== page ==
Kidney stone

Anatori Sealife Comments 0 11th April 2019
Kidney stone - oxalate

A kidney stone is a hard mass formed from crystals that separate from the urine and build upon the kidney’s inner surfaces. Naturally, urine contains chemicals that prevent crystals from forming. These inhibitors do not seem to work for everyone, but some people develop stones. If the crystals remain tiny enough, they will travel through the urinary tract and pass out of the body in the urine without being noticed.

Kidney stones may contain various combinations of chemicals. The most common type of stone contains calcium in combination with either oxalate or phosphate. These chemicals are part of a regular diet and comprise essential body parts, such as bones and muscles.

The frequency of stone formation has increased dramatically during the last few decades, paralleling the rise in other diseases associated with the Western diet, e.g., heart disease, diabetes, and high blood pressure. Kidney stones usually occur in adults over thirty and affect both sexes, but they are more common in men than women.

Risk increases with

  • Excess weight and insulin insensitivity both lead to increased urinary excretion of calcium.
  • High sugar intake: urinary calcium levels rise following a meal high in sugar.
  • Low magnesium status: Magnesium increases calcium oxalate’s solubility and inhibits calcium phosphate and calcium oxalate stone formation. Supplemental magnesium alone can prevent kidney stone recurrences.
  • B6 deficiency: vitamin B6 reduces the production and excretion of oxalates by transporting glutamine to the kidneys. The kidneys use glutamine to produce ammonia, preventing the urine from becoming too acidic. Acidic urine promotes the precipitation of calcium oxalate, which then forms stones.
  • Heavy metal toxicity: many heavy metals, such as mercury (from amalgam fillings), gold, uranium and cadmium (from cigarette smoke and vehicle pollution), are toxic to the kidneys.
  • Excessive alcohol consumption causes a rapid increase in blood sugar levels, which raises urinary calcium levels and leads to increased urinary calcium excretion.
  • Western dietary patterns: frequent consumption of highly refined carbohydrates (white flour, white rice, pasta, cakes, etc.), animal protein, fat and vitamin D-enriched dairy products, along with a low intake of fresh fruit and vegetables.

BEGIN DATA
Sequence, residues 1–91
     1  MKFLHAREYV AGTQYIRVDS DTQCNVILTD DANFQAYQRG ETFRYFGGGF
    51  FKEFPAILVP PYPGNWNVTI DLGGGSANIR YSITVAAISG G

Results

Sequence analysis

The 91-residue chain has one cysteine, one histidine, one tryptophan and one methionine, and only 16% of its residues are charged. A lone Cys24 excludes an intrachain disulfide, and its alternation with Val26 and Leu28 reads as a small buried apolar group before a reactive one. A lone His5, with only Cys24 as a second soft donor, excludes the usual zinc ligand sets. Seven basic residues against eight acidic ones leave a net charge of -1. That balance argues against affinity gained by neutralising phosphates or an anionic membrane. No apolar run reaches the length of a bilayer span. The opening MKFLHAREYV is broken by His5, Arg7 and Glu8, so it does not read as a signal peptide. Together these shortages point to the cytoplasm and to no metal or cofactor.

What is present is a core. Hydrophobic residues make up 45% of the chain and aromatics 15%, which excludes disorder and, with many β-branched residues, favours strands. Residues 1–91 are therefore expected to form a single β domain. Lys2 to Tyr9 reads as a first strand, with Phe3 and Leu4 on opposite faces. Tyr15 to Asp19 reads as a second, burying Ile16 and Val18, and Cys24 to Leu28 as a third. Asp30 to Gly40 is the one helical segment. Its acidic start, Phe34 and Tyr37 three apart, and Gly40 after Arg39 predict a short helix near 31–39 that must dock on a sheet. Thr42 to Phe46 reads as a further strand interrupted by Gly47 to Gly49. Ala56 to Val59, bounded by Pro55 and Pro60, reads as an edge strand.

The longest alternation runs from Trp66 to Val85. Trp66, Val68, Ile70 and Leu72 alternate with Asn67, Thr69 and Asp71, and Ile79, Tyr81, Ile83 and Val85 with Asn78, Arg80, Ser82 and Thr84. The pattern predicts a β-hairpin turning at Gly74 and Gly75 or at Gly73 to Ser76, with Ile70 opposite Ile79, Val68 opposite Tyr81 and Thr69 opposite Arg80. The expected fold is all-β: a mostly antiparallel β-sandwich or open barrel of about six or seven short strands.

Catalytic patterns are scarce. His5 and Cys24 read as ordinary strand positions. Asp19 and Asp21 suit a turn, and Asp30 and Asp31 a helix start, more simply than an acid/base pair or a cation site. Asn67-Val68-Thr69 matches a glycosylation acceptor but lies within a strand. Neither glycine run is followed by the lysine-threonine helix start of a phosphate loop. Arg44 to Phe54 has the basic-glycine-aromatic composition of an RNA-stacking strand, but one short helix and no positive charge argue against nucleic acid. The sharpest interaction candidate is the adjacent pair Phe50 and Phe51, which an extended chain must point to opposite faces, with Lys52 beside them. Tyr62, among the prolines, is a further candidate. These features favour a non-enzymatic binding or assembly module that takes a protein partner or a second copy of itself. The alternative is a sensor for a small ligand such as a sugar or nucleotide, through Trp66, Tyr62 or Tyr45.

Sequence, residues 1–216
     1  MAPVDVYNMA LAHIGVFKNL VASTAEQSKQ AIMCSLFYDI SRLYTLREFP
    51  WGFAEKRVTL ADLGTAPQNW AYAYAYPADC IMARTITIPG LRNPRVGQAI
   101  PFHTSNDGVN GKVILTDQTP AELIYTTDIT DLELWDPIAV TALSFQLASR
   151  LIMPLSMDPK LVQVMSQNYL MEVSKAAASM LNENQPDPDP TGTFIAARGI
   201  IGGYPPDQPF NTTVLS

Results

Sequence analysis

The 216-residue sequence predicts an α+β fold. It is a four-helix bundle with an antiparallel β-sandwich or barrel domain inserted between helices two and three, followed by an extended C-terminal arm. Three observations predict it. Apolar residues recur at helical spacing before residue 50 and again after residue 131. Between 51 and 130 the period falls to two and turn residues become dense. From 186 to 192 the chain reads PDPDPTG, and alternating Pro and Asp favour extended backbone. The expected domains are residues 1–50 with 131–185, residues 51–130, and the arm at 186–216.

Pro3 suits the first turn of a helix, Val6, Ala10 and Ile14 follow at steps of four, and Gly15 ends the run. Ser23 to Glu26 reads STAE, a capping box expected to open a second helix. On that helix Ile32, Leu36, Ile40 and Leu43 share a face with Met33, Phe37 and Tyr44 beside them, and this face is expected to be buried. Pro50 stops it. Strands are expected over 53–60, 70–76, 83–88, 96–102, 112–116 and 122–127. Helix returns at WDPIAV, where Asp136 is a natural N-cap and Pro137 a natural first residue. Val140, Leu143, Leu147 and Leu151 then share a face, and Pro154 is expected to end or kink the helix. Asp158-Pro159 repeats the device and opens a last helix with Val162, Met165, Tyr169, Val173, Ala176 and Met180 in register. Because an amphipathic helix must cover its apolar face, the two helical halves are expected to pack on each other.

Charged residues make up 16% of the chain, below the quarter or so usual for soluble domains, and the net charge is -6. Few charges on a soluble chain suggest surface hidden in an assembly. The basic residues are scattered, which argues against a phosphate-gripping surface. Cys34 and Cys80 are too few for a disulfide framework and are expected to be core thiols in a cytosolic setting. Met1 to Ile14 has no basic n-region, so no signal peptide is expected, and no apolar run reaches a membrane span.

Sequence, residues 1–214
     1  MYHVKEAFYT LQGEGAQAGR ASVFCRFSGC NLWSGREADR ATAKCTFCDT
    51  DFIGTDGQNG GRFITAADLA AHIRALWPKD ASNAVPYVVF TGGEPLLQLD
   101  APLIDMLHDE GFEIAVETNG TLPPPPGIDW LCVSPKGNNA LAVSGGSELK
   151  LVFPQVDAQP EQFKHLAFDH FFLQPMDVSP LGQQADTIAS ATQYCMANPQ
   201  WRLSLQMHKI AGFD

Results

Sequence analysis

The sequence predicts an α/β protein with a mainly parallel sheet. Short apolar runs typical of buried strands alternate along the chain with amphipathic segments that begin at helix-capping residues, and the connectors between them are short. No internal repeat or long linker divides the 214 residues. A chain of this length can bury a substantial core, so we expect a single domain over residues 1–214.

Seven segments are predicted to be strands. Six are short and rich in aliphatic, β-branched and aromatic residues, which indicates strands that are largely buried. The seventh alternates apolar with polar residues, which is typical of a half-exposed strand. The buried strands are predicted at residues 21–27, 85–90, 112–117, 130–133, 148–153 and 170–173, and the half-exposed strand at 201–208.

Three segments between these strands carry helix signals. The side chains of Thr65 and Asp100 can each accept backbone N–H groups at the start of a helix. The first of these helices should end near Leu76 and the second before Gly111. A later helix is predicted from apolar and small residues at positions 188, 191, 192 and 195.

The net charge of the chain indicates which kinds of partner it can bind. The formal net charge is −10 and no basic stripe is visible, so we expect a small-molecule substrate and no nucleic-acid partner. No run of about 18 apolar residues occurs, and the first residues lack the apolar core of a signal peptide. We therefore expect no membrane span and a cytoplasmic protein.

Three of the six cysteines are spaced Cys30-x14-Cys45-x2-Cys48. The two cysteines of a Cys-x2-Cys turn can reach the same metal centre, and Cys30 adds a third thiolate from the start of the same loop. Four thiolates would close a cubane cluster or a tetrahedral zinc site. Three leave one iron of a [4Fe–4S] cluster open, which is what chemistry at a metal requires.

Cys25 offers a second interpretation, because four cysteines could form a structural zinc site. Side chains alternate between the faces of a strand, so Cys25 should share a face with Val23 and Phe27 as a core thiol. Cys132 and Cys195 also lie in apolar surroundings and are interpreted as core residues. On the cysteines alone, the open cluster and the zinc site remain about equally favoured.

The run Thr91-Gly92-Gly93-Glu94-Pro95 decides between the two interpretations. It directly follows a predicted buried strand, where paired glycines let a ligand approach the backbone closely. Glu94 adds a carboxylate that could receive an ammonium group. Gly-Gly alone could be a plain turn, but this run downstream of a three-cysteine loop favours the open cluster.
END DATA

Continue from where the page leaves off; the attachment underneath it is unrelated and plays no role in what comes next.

• Frequent consumption of foods high in purines such as organ meats, meats, shellfish, yeast, herrings, sardines, mackerel and anchovies;
  • Excessive salt consumption: people who form kidney stones excrete much higher amounts of urinary calcium when their salt intake rises.
  • Dehydration: dehydration results in a much higher concentration of stone components in the urine.

Preventative measures:

  • Maintain an ideal weight or lose some weight if necessary
  • Drink at least six pints of fluid, mostly filtered water, daily to increase urine flow and dilute the urine.
  • Avoid excessive sweating
  • Exercise regularly – exercise improves insulin sensitivity.
  • Minimise intake of sugar, refined carbohydrates and alcohol
  • Increase fibre consumption by choosing wholegrain bread, cereals, fresh fruits, and vegetables.
  • Increasing consumption of green leafy vegetables – is a rich source of vitamin K, which is a potent inhibitor of stone formation.
  • Consume a nutrient-dense diet rich in whole, unprocessed, preferably organic foods, mostly plant foods (fruits, vegetables, beans, seeds, nuts, and whole grains) and coldwater fish such as salmon, low in animal products, fat and processed foods.
  • Avoiding aluminium-containing antacids –causes excessive excretion of calcium.

Nutritional supplements:

  • Vitamin B6 – reduces the production and excretion of oxalates.
  • Vitamin K – is necessary for the body’s synthesis of a molecule that is a potent inhibitor of kidney stone formation.
  • Magnesium– increases calcium oxalate’s solubility and inhibits calcium phosphate and calcium oxalate stone formation.
  • Calcium citrate or malate – calcium restriction enhances oxalate absorption, whilst calcium supplementation reduces oxalate excretion.
  • Citrate bound to magnesium or potassium can reduce urinary saturation of calcium oxalate and retard calcium crystals’ growth. Moreover, it significantly ceases stone formation in up to 90% of subjects.
  • For uric acid, stones –consider folic acid (inhibits the enzyme responsible for the production of uric acid) and bicarbonate.